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What the FA Cup needs is men in towelling dressing gowns

Ah, the FA Cup. The romance, the magic and Rory Delap's absorbent vest.

This year's final was a tale of two Cities: Stoke City, twice plucky semi-finalists in the early 1970s but never further, and Manchester City, at Wembley 30 years to the day since "Tricky" Ricky Villa's replay slalom did for them.

That night in 1981, playing against Spurs, they were doubly wronged - beaten in a tie that they led more than once and by a goal that wasn't a patch on an edge-of-the-area fizzer from Steve MacKenzie. Who talks about MacKenzie's goal now? Not as many as those who still bang on about that magical South American. Historians may disagree, but Man City fans know that the war with Argentina 11 months later was sealed that night.

This year's 1-0 victory erased three decades and more of pain for Man City, who were easily a match for Stoke's not-so-secret weapon: Delap and his heat-seeking throw-ins. Stoke's stadium provides ball-drying towels (pictured above), but at Wembley he had to rely on his red pouch vest. As I said, magic.

The real star turn was Man City's Mario Balotelli, the troublesome Italian, whom you fancy was only put in the starting line-up to spare him another embarrassing encounter with a training bib (if you haven't yet seen it, go to YouTube).

Decline and fall

Yet watching the FA Cup final has become an act of duty for all but the fans of the two teams involved. It's tempting to channel Mrs Merton and ask: what has tarnished the reputation of the FA Cup sponsored by E.On? But corporatisation is not chief among its problems. At least, not directly.

The obsessions with qualifying for the Champions League and staying in the Premier League, as well as the saturation TV coverage of all the other competitions, are more responsible for devaluing the World's Premier Domestic Cup Competition™.

The never knowingly underscripted Clive Tyldesley did his best to keep spirits up on ITV by putting his commentary into hyperdrive. But he gave the game away the moment he declared, in his serious voice, that we had just heard "expert insight inside the Stoke camp from Danny Higginbotham", when, in reality, we'd heard an injured defender describe what we could see with our own eyes.

This year, in addition, there was some pretty appalling scheduling: not only did the final have to share the weekend with Championship play-offs, a Scottish title decider and a near-full round of Premier League games, but it was preceded by the game that clinched the English title for Manchester United. "Disgrace", declared 5 Live's Alan Green; "The final insult", thundered the Daily Mail - and it was difficult, on this occasion, to disagree with either.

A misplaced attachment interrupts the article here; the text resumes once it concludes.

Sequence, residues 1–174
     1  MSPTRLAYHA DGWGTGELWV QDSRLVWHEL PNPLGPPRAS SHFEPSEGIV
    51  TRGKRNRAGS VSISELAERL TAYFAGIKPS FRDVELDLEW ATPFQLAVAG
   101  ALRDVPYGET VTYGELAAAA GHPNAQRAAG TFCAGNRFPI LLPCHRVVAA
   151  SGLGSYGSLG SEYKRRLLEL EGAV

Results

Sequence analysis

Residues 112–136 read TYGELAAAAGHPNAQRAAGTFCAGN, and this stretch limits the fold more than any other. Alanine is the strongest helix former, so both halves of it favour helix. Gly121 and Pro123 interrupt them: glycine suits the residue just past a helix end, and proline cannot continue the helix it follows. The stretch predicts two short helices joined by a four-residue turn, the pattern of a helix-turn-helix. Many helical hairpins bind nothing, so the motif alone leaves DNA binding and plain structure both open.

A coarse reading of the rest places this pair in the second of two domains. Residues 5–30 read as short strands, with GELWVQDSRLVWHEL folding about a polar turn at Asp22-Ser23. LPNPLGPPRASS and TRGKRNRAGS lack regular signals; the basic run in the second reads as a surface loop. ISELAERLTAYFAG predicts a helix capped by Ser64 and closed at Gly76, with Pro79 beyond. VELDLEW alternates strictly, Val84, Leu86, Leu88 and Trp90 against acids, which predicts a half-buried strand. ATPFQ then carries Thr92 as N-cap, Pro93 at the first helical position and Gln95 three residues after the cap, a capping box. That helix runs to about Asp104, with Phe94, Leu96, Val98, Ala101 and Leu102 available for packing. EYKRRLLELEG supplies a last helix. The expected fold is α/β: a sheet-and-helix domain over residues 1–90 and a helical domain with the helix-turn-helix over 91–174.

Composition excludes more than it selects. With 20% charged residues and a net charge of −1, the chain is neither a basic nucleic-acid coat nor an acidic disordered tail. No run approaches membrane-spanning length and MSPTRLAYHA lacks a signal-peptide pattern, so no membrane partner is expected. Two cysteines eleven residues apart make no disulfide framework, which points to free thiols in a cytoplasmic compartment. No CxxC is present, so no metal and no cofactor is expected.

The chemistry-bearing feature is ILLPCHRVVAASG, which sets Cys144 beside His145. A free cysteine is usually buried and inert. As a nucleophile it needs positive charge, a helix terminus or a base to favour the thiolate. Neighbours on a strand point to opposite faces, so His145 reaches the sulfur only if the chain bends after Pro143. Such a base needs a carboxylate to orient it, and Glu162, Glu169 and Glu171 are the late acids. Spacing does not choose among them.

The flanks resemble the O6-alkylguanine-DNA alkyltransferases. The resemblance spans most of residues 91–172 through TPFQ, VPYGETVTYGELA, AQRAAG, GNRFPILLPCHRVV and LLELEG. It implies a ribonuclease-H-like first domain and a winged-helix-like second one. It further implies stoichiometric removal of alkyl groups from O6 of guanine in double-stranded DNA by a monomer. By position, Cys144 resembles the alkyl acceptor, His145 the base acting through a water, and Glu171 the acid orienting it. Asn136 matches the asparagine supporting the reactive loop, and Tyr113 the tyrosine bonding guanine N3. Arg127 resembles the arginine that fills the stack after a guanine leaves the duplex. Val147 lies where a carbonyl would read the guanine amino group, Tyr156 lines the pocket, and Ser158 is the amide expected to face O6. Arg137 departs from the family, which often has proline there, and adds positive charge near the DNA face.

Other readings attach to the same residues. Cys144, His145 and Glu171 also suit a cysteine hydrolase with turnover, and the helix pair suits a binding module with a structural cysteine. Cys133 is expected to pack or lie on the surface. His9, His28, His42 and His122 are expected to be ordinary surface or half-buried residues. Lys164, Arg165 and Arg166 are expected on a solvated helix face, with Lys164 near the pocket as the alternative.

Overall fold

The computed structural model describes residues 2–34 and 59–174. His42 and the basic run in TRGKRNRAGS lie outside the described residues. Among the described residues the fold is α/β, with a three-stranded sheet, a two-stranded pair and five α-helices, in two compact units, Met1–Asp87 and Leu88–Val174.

But the Cup's decline runs deeper. Luckily, a solution is on hand, in five easy steps.

Impose a TV ban No other game must be shown 48 hours either side of the final.

No Wembley semi-finals Not a soul disagrees with this, so we need not detain ourselves any further, except to suggest:

No Wembley finals The FA can only have its semis in north-west London if the final goes on tour around the country. That's how it works in Spain
and Real Madrid's hordes had a jolly old time in Valencia last month. Remember that when Wembley was being rebuilt, England played to boisterous crowds at Elland Road, St James' Park and elsewhere.

Get Edmonds As in Noel. There was a time when the big day began with Multi-Coloured Swap Shop's Cup final special - and, as a warm-up act, it was hard to beat. Before the 1975 final, I recall, the Fulham goalkeeper Peter Mellor went head-to-head with a West Ham counterpart in a game of table football. That Mellor subsequently spilled the ball twice, leading to the two goals that decided the game, was but a professional tragedy for him - TV-based entertainment is king.

Bring on the dressing gowns The winners of the Dutch equivalent to the FA Cup, the KNVB Beker, get to wear towelling dressing gowns before they receive the trophy. It sounds like fun, so let's import it. Just don't tell Delap. He'll insist on wearing one during the match.

Jon Bernstein, former deputy editor of New Statesman, is a digital strategist and editor. He tweets @Jon_Bernstein. 

This article first appeared in the 23 May 2011 issue of the New Statesman, Obama 2.0